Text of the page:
The 1964 Coup d’état and the long period of dictatorship it ushered into Brazil during the second half of the 20th century constitutes a topic that is at once polysemic, complex and controversial, igniting the passions, pain, losses and deep suffering that still smolder just beneath the surface. At the same time, it serves as a subject of the most vitally important and challenging research that is being carried out in the field of humanities, all in an effort to achieve a creative and consistent interpretation of Brazil and Brazilian society – its recent history, its present-day and its future in the making. It was with the latter understanding that Pesquisa FAPESP, faithful to its mission of providing readers with the most significant Brazilian scientific production available while remaining ever grounded by journalistic anchors, attuned always to the pulse of current thinking, chose as the cover story of the April issue the 50 years since the March 31, 1964 coup. And so, beginning on page 16, we provide our readers with a series of reports that bring to the fore some of the most creditable information academia has produced to date about the events in question. It is a substantial amount of information, but it is so very worth checking out.
After that, we offer a bit of levity and freshness: in the science section, a report by Special Editor Carlos Fioravanti, with photographs by Eduardo Cesar, provides a lively rendering of the fifth voyage – of the series of 23 trips scheduled through 2015 – by a group of researchers associated with the USP Oceanographic Institute to map the diversity and distribution of cetaceans, in other words, whales and dolphins, off the coast of São Paulo. The good news the team has for those concerned about the environment is that both the diversity and the abundance of these animals in the area studied are larger than initially thought. As a gift to readers in the field of biodiversity, this issue contains a DVD with 10 videos of lectures from the 2013 Biota-FAPESP Education Conference Cycle.
Although by mere coincidence, the highlight of this issue in the area of technology also involves animals – in this case, in the form of bugs. More precisely, it is about new strategies based on extracting chemical substances from insects and plants to combat pernicious agricultural pests. Assistant Editor Dinorah Ereno provides the details of research being conducted in laboratories at the Luiz de Queiroz College of Agriculture (Esalq-USP) to develop new pheromones from insects, as well as volatile plant substances that have proven to be effective, for example, in the fight against greening, current scourge of citrus farmers.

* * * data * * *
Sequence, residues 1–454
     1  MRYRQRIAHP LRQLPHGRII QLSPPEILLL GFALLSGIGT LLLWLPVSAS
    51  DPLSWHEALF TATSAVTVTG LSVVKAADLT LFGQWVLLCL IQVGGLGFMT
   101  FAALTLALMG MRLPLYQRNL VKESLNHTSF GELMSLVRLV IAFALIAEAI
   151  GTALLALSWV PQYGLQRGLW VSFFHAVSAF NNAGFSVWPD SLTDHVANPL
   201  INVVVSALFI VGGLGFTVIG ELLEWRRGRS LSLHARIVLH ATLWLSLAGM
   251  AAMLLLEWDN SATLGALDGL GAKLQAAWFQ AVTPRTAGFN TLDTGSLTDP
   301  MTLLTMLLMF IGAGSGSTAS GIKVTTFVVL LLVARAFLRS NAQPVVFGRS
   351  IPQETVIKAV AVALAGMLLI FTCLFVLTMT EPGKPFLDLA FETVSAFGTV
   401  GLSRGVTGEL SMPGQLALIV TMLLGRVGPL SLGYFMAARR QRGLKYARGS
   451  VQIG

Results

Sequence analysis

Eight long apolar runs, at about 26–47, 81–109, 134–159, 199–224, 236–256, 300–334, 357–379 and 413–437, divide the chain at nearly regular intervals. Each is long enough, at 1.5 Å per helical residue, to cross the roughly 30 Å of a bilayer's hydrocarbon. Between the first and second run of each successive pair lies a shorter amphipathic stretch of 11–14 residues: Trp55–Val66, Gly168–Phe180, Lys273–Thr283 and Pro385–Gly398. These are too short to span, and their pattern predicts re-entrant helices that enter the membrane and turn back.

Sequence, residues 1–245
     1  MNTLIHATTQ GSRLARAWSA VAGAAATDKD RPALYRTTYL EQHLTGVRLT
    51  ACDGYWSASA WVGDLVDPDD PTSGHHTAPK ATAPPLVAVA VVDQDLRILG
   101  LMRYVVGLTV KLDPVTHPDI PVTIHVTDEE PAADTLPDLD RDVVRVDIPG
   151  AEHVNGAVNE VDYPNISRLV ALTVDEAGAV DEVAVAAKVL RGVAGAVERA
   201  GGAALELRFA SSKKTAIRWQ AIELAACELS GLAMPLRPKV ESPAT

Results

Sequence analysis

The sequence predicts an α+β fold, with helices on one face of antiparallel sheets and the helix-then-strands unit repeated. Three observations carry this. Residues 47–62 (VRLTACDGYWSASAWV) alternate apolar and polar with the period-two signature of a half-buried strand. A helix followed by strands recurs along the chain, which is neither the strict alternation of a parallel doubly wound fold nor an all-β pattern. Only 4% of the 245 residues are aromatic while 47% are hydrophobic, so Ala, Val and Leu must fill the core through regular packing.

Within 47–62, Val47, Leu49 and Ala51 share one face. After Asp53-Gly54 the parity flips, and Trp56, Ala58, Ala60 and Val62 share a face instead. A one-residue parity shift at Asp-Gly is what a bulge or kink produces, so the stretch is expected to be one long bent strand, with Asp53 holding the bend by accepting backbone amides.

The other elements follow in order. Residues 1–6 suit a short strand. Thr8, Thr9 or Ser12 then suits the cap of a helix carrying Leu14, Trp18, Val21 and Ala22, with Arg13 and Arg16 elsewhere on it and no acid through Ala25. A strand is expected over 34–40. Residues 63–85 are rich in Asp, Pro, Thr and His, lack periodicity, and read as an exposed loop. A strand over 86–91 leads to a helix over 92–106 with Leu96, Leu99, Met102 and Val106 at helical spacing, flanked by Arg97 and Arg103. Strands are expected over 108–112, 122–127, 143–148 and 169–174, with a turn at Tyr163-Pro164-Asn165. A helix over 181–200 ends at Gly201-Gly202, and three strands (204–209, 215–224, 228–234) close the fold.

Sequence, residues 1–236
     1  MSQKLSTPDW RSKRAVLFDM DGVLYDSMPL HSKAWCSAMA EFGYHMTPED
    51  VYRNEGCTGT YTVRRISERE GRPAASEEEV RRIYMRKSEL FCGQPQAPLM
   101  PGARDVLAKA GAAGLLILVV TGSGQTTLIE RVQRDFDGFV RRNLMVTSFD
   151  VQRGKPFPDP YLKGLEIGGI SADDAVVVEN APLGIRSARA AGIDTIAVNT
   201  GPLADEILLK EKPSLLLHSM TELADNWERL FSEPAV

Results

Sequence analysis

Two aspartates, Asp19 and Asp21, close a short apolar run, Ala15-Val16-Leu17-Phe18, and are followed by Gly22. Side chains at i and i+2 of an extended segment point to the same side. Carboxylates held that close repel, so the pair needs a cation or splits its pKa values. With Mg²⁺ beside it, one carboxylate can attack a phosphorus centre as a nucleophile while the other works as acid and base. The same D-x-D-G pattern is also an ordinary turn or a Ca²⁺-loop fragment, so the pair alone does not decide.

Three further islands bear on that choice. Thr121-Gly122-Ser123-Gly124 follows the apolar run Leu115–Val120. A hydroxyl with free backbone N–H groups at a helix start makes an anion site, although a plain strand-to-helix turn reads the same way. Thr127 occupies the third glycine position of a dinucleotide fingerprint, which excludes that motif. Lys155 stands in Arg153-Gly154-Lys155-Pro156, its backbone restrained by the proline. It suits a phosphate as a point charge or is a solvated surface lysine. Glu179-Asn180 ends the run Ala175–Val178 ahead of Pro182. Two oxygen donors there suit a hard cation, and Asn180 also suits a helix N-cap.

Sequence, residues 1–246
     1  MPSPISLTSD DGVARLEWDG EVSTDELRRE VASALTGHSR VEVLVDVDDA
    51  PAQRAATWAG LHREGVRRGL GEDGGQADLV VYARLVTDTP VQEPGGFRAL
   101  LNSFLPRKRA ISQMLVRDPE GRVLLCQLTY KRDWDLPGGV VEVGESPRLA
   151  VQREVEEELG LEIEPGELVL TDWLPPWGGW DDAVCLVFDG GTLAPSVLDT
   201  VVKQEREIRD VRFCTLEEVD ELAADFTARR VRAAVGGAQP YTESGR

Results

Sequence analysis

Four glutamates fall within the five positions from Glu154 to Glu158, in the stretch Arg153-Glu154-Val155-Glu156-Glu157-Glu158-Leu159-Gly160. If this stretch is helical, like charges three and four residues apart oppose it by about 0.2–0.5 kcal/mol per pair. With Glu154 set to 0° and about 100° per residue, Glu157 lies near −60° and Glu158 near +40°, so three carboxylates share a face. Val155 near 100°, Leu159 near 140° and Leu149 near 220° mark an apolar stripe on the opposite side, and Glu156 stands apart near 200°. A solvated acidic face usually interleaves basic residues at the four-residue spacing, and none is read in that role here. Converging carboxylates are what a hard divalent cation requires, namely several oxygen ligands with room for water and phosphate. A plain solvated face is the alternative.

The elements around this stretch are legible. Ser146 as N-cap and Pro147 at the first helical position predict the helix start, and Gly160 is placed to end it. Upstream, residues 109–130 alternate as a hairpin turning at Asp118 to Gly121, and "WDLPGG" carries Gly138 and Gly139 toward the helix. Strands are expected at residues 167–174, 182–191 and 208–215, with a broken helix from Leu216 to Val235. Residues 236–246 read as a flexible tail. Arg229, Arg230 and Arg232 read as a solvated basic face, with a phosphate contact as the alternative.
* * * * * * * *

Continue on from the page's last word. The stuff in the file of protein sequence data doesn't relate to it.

Finally, I highly recommend the interview granted by Ecléa Bosi and allow yourselves to be completely seduced by her exquisite invitation to consider some reflection on topics as basic as the reading habits of female workers, the experiences of the elderly, and time and memory. Hearing Bosi’s musical phrases after learning of her activism on a variety of fronts, along with reading pages of her highly-regarded studies in the field of social psychology, which although they try are unable to disguise a literary vocation distinguished by an almost innate poetry, makes you think that she is capable of bringing everything together and making sense of it all. Her manner of speaking is the very antithesis of life construed as a meaningless story told by an idiot, full of sound and fury.
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